After the Second World War, there were political discussions where the left wing parties, who were in power, suggested that all banks and insurance companies should be state owned.
As a compromise, a fairness principle was introduced in the Swedish Insurance Company Act in 1948. The fairness principle stated that premiums paid by policyholders shall be fair compared to the benefits received by these policyholders. For life insurance business, this was interpreted to mean that all profits made on premiums should be returned as bonus to the policyholders, present or future.
The shareholders of the companies were only allowed a fair return on the share capital, which in most companies was very small.
This was in line with how some life insurers already operated, but was a major change for some others.
During the 1960’s and 1970’s, a practice emerged of paying no dividends at all to shareholders, and this was formalised when the Swedish Parliament in 1982 passed a bill that prohibited the distribution of profits to shareholders of a life insurance company.
This is what makes special the mutual model for non-profit distributing life insurance companies in Sweden: as in a true mutual life insurance company, no profit is distributed to shareholders but the company is still formally a shareholder-owned company. An important aspect of this is that the shareholders retain the right to make important business decisions for the company, without requiring permission from the policyholders or any of their representatives.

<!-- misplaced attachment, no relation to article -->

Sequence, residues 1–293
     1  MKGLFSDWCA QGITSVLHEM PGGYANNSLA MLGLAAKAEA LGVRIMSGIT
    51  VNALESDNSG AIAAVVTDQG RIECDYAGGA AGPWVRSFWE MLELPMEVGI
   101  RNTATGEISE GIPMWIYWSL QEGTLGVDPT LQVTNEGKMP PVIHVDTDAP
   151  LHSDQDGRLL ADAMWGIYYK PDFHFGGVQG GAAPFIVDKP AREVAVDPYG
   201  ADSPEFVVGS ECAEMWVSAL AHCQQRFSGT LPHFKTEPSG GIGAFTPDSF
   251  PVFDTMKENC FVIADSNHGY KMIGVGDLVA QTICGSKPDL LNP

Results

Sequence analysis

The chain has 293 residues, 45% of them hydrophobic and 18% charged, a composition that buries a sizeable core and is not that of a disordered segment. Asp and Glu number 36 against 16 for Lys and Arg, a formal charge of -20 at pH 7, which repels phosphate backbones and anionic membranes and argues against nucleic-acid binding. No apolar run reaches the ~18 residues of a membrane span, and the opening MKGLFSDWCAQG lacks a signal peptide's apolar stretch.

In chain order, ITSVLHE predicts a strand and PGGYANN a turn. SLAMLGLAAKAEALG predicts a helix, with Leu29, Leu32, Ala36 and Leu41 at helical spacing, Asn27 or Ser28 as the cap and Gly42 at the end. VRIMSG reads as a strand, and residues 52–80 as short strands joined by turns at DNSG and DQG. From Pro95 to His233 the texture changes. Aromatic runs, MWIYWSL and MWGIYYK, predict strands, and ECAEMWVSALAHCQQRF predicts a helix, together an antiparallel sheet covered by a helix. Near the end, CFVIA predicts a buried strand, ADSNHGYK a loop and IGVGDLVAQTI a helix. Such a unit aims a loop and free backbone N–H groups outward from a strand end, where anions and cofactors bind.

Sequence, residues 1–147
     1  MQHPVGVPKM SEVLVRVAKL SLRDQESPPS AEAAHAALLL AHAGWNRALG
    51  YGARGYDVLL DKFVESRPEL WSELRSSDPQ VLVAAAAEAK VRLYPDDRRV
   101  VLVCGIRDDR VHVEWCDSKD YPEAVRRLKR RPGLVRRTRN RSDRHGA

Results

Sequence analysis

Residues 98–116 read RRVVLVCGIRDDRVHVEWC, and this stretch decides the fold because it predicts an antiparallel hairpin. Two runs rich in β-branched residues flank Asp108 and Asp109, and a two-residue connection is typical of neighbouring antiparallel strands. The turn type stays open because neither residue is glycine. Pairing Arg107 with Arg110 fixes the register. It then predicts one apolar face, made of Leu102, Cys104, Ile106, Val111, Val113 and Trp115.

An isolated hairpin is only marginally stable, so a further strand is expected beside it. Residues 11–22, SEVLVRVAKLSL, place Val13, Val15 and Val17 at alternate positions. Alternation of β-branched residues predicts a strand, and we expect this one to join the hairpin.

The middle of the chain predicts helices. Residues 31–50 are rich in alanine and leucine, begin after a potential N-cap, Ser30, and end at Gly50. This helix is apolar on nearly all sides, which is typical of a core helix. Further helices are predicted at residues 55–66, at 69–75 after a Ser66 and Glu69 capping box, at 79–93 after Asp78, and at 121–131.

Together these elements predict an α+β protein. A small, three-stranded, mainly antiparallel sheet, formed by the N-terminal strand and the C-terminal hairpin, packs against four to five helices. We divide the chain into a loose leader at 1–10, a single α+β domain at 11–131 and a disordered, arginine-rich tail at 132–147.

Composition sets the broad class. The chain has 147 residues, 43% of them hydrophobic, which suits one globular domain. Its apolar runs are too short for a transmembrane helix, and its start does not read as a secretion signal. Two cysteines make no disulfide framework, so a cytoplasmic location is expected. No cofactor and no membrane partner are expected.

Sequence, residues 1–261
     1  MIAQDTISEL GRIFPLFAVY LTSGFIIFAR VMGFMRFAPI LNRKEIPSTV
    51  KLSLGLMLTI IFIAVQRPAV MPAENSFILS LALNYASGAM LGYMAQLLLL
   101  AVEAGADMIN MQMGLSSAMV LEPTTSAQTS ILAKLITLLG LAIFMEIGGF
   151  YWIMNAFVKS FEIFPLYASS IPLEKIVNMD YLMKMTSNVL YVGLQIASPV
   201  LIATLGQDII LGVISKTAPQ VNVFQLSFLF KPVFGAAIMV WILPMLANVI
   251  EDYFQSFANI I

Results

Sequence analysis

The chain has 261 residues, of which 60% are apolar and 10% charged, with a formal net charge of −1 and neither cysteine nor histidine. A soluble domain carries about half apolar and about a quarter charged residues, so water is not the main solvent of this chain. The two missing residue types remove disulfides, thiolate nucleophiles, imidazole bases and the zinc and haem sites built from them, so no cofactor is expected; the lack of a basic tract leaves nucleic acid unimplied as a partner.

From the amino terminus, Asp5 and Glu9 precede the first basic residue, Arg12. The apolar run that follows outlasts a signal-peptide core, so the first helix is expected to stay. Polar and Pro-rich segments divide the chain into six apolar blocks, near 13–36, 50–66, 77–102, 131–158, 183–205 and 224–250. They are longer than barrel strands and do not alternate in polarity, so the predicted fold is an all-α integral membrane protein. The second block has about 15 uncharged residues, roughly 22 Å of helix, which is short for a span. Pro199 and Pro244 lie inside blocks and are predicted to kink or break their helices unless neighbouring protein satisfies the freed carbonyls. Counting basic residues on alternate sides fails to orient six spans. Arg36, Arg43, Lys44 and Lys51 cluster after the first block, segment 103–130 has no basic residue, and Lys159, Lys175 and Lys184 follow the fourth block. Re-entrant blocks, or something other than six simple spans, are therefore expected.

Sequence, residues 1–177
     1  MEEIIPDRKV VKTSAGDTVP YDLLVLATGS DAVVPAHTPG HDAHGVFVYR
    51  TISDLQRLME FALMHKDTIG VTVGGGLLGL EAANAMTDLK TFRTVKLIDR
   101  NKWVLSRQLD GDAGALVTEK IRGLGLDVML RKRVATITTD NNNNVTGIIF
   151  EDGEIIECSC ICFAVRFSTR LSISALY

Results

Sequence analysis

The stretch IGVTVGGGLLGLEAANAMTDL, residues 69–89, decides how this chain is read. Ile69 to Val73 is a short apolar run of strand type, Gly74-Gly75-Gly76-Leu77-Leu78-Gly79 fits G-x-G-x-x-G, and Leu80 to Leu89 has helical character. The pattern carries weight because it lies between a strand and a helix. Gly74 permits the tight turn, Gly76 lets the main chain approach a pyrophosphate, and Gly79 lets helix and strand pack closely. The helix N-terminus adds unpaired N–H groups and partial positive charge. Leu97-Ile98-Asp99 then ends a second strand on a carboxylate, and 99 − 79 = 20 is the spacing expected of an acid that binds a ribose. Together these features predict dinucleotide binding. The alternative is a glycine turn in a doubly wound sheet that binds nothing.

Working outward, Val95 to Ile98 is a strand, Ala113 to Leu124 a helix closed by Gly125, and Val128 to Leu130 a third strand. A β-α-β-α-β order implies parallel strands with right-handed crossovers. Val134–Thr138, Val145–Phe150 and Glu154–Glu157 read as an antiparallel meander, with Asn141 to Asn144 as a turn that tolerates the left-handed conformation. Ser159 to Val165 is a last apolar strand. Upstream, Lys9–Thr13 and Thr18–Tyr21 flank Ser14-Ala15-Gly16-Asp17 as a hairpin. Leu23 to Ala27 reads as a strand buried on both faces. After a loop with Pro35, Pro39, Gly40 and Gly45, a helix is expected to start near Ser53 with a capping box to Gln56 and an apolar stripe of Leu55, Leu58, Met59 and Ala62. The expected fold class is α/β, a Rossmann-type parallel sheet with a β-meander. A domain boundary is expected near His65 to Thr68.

Around 1990, unit link life insurance was allowed in Sweden, and unit link companies were allowed to distribute profits to its shareholders through dividends. Sweden became a member of the European Union in 1996, and a change to the Swedish Insurance Company Act in 2000 again opened up for distribution of profits to shareholders in traditional life insurance companies.
However, a process has been established to transform an existing life insurance company to a
profit distributing company, where a transformation for example depends on the approval of the policyholders.
Since then, only a few existing life insurance companies have changed into profit distributing
companies following the change of the company act. In these cases all existing capital of the company has been distributed to the policyholders while the shareholders have injected new risk capital in the form of equity into the company.
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